Purnell Helens, died on Friday, of a complication of diseases. Funeral services were held, and interment took place at Weigand’s Chapel on Sunday. Deceased was a veteran and a pensioner of the Civil War. He had obtained permission to enter the soldiers home, at Hampton, Va., and had intended to me for that placed Las Wednesday, but was taken sake, and died as above stated.

Edwin P. Johnson has received an invitation to attend the marriage, of the paymaster of the railroad division, on which he is employed, at Whitesville, West Virginia, on January 17.

Captain Wallace Smith, engaged in the oyster trade on the Chesapeake, has been in town, on business during the week.

The Sacrament of the Lord’s Supper was administered at the M. E. Church, on Sunday morning, by the Revs. Coursey and Hooker. Two persons were admitted as probationers, one joining the M. E., and one the M. P. Church.

Rev. R. T. Coursey and wife made a trip to Baltimore last week; while their Mrs. Coursey was taken ill, but is now better. Mr. Coursey returned home last Saturday evening; his wife will return the last of the present week.

While driving into town on Monday morning, Ike Warren, of New Market, and another man, had a runaway. They were driving a double team, and while coming down Union Street a rein broke and the team became unmanageable. It ran the wagon into the gutter, near Magnolia Street, broke both single trees and the poll, and otherwise damaged the vehicle. Both men were thrown out, but were unhurt, as, also, was the team.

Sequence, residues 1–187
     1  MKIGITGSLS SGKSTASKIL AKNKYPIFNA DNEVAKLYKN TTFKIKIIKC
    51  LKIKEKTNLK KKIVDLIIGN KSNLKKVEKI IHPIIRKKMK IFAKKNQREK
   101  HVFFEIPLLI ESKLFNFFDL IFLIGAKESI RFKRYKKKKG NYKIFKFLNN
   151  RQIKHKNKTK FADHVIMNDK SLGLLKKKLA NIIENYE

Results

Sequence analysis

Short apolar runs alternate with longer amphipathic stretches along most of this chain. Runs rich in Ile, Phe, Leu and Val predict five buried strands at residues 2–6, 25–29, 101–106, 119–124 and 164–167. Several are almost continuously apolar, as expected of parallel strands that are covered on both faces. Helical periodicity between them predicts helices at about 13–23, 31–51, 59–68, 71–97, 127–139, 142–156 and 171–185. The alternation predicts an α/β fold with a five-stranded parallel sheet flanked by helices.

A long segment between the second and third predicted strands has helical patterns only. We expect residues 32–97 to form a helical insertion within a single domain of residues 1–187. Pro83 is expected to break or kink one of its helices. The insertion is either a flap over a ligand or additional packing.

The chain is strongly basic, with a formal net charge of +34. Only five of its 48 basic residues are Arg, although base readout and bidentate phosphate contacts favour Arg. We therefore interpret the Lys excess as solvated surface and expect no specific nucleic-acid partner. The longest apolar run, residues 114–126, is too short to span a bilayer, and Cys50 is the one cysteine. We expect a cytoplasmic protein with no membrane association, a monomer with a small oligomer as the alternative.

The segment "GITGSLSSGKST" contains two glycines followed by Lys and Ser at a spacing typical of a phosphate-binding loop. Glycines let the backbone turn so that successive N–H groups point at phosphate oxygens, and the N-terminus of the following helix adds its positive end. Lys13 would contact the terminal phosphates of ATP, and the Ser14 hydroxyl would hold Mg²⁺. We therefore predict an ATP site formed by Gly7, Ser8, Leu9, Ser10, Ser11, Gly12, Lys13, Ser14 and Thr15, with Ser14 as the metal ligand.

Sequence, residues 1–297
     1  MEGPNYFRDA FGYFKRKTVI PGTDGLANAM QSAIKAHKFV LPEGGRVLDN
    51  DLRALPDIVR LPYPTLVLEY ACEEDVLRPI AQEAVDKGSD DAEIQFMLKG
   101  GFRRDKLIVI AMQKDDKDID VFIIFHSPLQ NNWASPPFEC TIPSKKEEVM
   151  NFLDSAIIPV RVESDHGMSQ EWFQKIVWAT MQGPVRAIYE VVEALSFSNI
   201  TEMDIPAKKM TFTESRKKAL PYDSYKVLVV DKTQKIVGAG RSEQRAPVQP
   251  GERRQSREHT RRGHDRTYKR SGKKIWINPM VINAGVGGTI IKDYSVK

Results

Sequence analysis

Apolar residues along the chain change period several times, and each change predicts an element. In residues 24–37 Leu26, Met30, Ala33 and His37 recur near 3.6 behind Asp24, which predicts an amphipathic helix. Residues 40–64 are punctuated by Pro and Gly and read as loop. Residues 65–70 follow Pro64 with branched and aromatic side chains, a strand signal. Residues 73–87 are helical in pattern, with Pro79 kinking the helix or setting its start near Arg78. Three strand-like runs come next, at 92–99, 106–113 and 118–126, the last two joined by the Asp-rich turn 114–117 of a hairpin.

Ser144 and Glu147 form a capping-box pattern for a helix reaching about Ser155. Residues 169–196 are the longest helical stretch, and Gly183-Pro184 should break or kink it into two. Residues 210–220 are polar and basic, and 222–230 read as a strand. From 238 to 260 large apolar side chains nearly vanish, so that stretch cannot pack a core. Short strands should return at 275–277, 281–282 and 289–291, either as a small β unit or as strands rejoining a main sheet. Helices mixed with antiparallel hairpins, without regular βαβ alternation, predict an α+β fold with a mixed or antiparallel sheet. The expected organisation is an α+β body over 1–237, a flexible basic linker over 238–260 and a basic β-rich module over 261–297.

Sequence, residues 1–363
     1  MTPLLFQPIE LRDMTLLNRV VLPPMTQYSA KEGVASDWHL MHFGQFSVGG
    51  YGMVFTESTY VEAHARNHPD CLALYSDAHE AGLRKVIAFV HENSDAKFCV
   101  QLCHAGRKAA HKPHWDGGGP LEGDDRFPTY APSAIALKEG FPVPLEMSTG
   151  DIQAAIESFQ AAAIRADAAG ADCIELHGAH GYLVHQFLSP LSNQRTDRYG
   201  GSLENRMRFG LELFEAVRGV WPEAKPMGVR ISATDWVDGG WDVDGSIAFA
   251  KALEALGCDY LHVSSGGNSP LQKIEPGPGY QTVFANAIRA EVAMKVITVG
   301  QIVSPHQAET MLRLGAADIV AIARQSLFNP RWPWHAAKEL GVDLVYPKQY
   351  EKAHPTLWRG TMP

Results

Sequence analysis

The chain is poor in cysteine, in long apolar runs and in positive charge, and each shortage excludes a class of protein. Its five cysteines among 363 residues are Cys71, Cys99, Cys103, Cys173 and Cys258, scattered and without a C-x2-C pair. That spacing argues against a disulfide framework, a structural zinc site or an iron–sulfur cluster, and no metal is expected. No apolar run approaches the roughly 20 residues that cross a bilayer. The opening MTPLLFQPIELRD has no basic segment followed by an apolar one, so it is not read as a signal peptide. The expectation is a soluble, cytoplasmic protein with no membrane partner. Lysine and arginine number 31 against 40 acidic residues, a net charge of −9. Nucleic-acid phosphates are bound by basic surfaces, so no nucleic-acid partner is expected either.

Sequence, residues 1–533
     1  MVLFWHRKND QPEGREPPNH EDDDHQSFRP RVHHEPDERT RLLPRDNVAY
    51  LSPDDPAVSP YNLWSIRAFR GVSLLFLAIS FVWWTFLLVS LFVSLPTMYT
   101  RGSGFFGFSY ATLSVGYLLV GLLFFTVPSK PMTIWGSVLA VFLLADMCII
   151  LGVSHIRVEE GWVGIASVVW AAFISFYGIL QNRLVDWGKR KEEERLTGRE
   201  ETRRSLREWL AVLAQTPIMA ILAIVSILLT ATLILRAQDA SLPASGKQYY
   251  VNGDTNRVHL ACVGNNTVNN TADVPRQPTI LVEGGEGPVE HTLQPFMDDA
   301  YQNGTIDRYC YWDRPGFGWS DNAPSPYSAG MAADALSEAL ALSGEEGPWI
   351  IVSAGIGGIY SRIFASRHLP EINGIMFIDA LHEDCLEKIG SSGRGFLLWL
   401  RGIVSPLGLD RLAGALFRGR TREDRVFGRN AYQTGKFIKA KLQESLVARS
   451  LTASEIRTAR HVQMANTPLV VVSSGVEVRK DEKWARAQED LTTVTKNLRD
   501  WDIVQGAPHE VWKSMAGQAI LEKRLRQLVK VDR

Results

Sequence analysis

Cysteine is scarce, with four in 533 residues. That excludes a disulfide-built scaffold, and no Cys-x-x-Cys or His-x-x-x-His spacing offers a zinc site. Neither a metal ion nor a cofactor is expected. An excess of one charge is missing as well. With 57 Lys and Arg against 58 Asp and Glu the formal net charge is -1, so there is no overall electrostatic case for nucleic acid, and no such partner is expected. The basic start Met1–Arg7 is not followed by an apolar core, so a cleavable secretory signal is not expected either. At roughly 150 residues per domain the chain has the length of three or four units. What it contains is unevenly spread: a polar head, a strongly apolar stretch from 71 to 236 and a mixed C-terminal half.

It is amazing to one unacquainted with the peculiarity zip human nature to see the inquisitive ones, and others, who want to suggest an idea of “how it ought to be done,” hankering around the M. P. Church, now undergoing improvements. Call around friends, you don’t bother the workmen! And the boys want your ideas.

Captain S. R. Bennett has presented to the Rev. R. T. Coursey a set of silver teaspoons with the letters “P. J. B.” engraved thereon. The engraving tool was pen knife, and the engraving was done by Freeborn Garrison, on one of his visits to Captain Bennett’s grandmother to whom the spoons formerly belonged. Freeborn Garrison, while organizing the first Methodist society in Milton, made Mrs. Bennett’s house, his house, and the chair in which he used to sit, is now in Captain Bennett’s possession. In his will the Captain has devised this chair to the Rev. J. A. B. Wilson, pastor of the First Methodist Episcopal Church, Grass Valley, California.

Captain S. R. Bennett, who was much improved, up to last Monday, fell three times on that day and is now unable to get around without help.

John B. Davidson, who was superseded last week by another officer, had been Secretary of the M. E. Sunday school for thirty-five consecutive years. In appreciation of his long service, the school, last Sunday, tendered him a vote of thanks.


[i] Three of David A. Conner’s unmarried daughters are serving as officers of the Daughters of America chapter in Milton.

[ii] Quotation from Old Testament, Genesis 2:24, referring to the creation of woman; this quote is paraphrased and repeated several places in the New Testament (Matthew 19:5, Ephesians 5:31, Mark 10:7)